A 45 y/o F with a pmh of gastric bypass surgery presents to the ED for evaluation of copious diarrhea x 3 days. The patient appears weak, dehydrated, and sluggish. During your ED evaluation the patient has an acute onset tonic-colonic seizure. The patient is given ativan and is stabilized. Finger stick is 98mg/dL, labs are drawn, results pending. The patient then proceeds to have another seizure.
What electrolyte abnormality could have contributed to the patient’s epileptic event?
- Defined as Mg < 1.9mg/dL; primarily from renal or gi wasting, inadequate dietary intake
- Symptoms include: confusion, anorexia, n/v, lethargy, weakness, tetany, muscle fasciculations; SEIZURES - usually tonic-colonic with SEVERE hypomagnesemia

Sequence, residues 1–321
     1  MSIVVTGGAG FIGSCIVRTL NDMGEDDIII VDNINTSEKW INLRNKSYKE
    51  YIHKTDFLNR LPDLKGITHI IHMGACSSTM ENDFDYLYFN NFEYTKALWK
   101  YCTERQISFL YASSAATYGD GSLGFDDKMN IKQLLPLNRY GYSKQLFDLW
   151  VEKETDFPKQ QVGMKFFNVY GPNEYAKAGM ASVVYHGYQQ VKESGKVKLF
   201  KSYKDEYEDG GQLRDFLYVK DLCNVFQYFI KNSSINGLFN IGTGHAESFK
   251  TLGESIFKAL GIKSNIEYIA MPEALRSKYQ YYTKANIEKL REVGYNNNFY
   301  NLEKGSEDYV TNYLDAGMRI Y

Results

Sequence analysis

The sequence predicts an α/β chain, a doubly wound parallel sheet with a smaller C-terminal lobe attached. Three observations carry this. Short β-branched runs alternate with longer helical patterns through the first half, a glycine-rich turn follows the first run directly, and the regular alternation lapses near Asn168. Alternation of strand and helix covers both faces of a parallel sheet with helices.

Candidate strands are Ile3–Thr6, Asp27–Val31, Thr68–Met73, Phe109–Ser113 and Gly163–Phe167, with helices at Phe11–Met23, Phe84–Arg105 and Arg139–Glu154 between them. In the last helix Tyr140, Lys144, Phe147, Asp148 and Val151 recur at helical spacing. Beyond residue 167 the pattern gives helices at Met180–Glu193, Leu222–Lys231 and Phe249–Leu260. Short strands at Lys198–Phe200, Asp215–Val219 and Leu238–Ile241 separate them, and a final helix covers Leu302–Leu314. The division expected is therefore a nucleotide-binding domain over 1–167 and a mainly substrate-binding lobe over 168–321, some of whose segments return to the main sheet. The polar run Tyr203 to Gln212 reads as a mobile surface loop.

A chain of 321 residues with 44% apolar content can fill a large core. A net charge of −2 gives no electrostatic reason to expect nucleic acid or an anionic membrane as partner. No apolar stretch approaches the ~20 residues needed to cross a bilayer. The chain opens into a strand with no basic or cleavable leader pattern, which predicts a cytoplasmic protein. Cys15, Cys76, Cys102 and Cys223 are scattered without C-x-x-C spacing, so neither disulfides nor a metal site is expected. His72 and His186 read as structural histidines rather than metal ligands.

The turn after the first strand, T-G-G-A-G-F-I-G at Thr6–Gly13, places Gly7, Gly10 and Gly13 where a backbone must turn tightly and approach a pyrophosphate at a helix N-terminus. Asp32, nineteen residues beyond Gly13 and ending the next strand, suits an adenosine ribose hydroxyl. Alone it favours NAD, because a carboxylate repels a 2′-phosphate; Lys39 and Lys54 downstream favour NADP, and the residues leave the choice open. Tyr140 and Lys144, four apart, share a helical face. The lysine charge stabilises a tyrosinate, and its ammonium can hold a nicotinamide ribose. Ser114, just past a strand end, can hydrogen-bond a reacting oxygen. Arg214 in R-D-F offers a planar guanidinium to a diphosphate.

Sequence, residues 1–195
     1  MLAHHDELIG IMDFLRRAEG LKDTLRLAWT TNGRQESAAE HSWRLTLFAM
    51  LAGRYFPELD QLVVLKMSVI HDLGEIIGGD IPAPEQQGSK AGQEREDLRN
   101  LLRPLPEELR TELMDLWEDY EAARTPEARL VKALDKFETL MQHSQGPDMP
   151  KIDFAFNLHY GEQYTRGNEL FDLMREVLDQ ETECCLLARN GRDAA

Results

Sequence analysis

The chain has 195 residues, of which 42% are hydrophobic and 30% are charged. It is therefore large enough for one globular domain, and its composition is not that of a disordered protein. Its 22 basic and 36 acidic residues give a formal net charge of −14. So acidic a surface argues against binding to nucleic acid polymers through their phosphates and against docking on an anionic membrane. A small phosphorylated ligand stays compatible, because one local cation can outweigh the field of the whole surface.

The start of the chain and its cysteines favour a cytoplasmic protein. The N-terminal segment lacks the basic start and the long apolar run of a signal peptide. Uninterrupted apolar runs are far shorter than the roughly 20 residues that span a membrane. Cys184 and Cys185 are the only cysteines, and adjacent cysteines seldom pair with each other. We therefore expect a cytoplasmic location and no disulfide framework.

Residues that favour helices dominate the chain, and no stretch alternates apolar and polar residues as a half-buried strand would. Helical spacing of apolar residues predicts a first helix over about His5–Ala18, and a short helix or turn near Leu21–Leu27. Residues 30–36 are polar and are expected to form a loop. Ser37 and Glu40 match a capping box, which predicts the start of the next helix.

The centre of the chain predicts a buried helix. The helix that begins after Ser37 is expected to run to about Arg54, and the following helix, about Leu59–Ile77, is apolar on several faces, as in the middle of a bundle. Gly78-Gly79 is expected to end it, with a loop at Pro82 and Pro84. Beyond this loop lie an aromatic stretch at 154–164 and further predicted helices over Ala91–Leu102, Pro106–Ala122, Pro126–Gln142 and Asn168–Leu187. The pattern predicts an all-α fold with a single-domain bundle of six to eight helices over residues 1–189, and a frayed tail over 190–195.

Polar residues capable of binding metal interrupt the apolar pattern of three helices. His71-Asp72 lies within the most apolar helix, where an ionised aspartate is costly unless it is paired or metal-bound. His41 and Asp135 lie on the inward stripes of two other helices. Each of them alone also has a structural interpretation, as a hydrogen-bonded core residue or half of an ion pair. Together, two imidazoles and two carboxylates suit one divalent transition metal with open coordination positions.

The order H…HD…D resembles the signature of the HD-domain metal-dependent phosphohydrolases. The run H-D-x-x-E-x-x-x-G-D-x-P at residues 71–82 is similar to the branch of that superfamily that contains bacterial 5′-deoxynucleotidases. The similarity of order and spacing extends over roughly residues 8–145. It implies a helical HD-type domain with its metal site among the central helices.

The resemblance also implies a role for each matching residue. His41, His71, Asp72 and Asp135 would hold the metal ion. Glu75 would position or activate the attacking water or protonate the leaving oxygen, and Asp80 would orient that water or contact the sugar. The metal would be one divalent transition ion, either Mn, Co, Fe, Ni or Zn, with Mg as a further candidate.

- Dx confirmed via lab evaluation; hypokalemia, hypocalcemia and metabolic alkalosis frequently coexist with hypomagnesemia
- Mg levels associated with seizures usually < 1.0mg/dL, have been reported with Mg levels as high as 1.4mg/dL
- Rx with Magnesium salts - IV or PO
- Calcium can be given to reverse signs of Mg tox (diminished reflexes, depressed respiratory rate, urinary retention, hypotension)
FUN FACT - If attempting to replete calcium and potassium in patients, remember to check the Magnesium level! Often it is difficult to correct calcium and potassium w/o also repleting Mg.